On March 25, Ms. Andrusha’s father said, around 15 Russian soldiers broke into the family home to look for her. They took her upstairs, where they searched through her phone and she admitted sending information to Ukrainian forces. The Russians blindfolded her, gathered her clothes, and drove her away, her father said.
Ms. Andrusha was covered with bruises when she arrived at the boiler room, Mr. Didyk said.
She also upbraided their captors for invading Ukraine, Mykola recalled.
“She had no problem calling them occupiers. She asked why they came here to ruin our peaceful lives,” he said, admiring her courage. “You should have seen the Russians’ faces.”
From then on, until she was led out days later, the Russians left her alone and treated her with respect, Mykola said.
More Ukrainians arrived the following day from across the area, Mr. Didyk and his friend said. With the Ukrainian soldiers now gone, Mr. Didyk said, the Russian guards asked him to look after the rest of the prisoners, and he began to act as an intermediary, which Mykola confirmed.
The Russian soldiers beat the prisoners ferociously over the following days, especially the new arrivals, Mr. Didyk said. The Russian assault on Kyiv was being hampered by insurgent attacks on supply lines and frustrations were boiling over into violence. Conditions were worsening, with sanitation a growing problem. Mr. Ignatov’s health was fading, Mykola said.
On March 27, the Russians took Ms. Andrusha and Mr. Ignatov away. Nobody has heard from them since, their families said. The Chernihiv prosecutor’s office said it had unconfirmed information that she had been detained in Russia’s Kursk province, near the Ukrainian border. Ms. Andrusha’s father worries she may have been taken to Russia to be traded in a prisoner exchange.
“I would give anything I have just to get her back,” he said.
Two days later, Mr. Didyk said, one of the Russian soldiers told the prisoners filling the boiler room and the basement space that they would soon be freed.
Instead, things got worse.
The next morning, a Russian soldier opened the door to the boiler room at 8:30 a.m., earlier than normal. He appeared intoxicated, Mr. Didyk and Mykola said, and told the detainees that he needed bodies. He approached an older man who prisoners remembered as Mikhailo Ivashko.
“Are you ready?” the soldier asked the man, Mr. Didyk recounted.
“No,” the man said.
The Russian soldier gave him a shot of vodka and asked again, “Are you ready?”
“No,” the man said.
The Russian told him to sit and think a bit, then left and went to the edge of the nearby road to smoke. In a few minutes he returned, and the old man said he was ready.
The Russian soldier led him out. A few minutes later, Mr. Didyk and Mykola said, they heard a single gunshot.
The Russian came back, and asked whether anyone would volunteer to be next. “We need eight bodies,” he repeated, Mykola said.
When no one stepped forward, the soldier turned to Mykola and asked if he was ready. He said he demurred.
The Russian then approached Mr. Didyk, he recalled. The soldier took him aside and asked him to choose who among the other prisoners would die.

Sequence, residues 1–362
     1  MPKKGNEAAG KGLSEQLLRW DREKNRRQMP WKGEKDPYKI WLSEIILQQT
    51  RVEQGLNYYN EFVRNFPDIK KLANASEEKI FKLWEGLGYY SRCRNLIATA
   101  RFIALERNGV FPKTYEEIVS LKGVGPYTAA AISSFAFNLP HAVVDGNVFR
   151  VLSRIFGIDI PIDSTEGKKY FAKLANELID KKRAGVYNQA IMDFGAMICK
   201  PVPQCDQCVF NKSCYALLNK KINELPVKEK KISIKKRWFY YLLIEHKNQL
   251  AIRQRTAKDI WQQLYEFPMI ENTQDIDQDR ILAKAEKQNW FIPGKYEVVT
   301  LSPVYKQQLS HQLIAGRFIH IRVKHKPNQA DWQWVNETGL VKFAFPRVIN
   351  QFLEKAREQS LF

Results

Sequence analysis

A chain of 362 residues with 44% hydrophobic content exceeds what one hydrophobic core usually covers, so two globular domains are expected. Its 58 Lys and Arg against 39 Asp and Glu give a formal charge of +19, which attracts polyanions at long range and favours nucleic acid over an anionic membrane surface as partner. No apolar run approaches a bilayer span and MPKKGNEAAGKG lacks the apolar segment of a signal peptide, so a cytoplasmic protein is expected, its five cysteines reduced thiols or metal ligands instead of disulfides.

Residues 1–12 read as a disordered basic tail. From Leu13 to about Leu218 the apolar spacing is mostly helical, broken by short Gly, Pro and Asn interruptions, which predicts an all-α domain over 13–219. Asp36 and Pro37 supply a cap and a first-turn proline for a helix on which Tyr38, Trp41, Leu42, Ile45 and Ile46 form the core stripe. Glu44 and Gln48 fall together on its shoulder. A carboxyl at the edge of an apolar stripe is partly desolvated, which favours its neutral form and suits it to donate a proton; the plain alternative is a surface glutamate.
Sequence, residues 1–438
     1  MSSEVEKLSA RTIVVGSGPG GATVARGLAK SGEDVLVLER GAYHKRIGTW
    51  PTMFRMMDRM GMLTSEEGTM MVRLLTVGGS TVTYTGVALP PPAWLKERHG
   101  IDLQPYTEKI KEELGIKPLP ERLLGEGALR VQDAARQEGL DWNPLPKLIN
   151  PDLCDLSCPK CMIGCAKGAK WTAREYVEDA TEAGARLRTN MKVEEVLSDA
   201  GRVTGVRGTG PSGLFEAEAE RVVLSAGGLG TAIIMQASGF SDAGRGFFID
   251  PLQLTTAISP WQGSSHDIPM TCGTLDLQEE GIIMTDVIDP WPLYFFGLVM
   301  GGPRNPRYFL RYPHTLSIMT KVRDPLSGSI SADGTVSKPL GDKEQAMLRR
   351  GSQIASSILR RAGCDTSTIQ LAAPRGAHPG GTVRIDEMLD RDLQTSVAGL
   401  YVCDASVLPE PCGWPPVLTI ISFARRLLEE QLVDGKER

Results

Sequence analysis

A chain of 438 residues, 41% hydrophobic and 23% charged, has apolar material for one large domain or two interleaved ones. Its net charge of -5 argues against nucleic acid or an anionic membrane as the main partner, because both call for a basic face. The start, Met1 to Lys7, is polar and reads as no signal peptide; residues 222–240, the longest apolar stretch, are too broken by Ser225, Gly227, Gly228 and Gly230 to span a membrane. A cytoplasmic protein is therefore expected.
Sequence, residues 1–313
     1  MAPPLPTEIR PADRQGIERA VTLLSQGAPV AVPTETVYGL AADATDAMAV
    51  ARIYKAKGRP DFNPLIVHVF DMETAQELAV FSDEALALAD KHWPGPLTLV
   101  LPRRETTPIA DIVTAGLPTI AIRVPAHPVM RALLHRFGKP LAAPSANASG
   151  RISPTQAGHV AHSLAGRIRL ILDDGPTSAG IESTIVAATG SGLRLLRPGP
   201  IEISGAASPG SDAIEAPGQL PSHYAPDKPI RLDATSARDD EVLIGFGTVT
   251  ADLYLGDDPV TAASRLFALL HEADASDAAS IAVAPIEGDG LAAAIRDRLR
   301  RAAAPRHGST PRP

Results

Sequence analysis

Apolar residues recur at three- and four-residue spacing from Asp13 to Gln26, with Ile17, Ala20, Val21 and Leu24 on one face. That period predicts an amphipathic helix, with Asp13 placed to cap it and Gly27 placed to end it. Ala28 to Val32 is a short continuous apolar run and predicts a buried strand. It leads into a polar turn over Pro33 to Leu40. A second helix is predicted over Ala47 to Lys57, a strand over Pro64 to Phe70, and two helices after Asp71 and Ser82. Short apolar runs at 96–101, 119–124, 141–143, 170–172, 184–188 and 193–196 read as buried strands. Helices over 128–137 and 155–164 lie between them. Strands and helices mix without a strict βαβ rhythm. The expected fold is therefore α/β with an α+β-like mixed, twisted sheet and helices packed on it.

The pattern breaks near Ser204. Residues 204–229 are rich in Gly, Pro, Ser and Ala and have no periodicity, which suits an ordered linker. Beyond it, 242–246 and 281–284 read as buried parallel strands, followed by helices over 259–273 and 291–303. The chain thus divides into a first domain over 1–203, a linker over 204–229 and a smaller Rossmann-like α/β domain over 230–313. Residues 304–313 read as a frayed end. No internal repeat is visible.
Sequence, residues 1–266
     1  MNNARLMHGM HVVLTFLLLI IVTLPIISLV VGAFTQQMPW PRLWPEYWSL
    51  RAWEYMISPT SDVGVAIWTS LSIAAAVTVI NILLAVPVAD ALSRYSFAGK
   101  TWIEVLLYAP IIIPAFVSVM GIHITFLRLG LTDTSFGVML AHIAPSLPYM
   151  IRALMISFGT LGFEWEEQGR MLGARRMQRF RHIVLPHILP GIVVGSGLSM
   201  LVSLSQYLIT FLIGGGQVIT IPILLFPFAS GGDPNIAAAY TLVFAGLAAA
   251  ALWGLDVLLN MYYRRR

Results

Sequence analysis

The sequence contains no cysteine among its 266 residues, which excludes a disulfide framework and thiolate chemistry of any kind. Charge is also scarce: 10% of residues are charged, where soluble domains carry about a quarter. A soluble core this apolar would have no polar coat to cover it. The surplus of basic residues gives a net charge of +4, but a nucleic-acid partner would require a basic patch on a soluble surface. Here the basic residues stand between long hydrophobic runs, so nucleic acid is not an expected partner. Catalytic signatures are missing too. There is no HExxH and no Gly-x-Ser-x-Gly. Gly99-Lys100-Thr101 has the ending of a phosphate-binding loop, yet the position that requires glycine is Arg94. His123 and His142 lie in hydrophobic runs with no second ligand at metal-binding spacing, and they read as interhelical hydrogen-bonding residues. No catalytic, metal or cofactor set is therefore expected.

Mr. Didyk said he refused, and told the soldier that he wouldn’t be able to live with himself. Instead, Mr. Didyk said, he volunteered to be next.
The Russian soldier gruffly pulled Mr. Didyk out of the boiler room, he recalled, led him to the edge of a nearby cemetery in silence and told him to get on his knees. Mr. Didyk said he did as he was told and waited. A shot rang out and the bullet went past his ear and hit the ground in front of him. He said he stayed on his knees in silence.
The Russian pulled him up, telling him he never wanted Mr. Didyk to talk that way again.
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After that, the soldier chose several prisoners to shoot, Mr. Didyk and Mykola said, while others volunteered—each given a shot of vodka before they were taken away.
That night, 12 prisoners were left in the boiler room, where they ate a small meal of buckwheat, Mr. Didyk recalled.
The next morning, the Russian soldier returned at 5:30 a.m. and said he and his comrades were leaving. Mr. Didyk and Mykola said the soldier instructed the prisoners to stay put for a while and be careful when they emerged. They listened for the troops’ engines to start up and fade into the distance.
Less than an hour later, the men left the unlocked boiler room. Mr. Didyk described how they walked to the nearby graveyard, where they found six of those who had been led away for executions still alive. At the entrance to the cemetery, they found three men from the boiler room lying dead on the ground, their faces shattered by bullets. One man was still missing, Mr. Didyk and Mykola said.
Human Rights Watch said some 20 people had been detained in all in the boiler room and cited a prisoner who said that three had been killed.
Mr. Didyk said he then walked home, accompanied by a man who had spent the night in the graveyard and was still wearing handcuffs.
His parents had gone to the next village to escape the shelling, but he found a neighbor who called them.
His mother, when they saw each other, told him how hard she had tried to find him.
“I called you on your phone, but the Russians already had it, I guess,” she recalled, crying as she described the episode. “They said you were busy.”
Write to Thomas Grove at email@example.com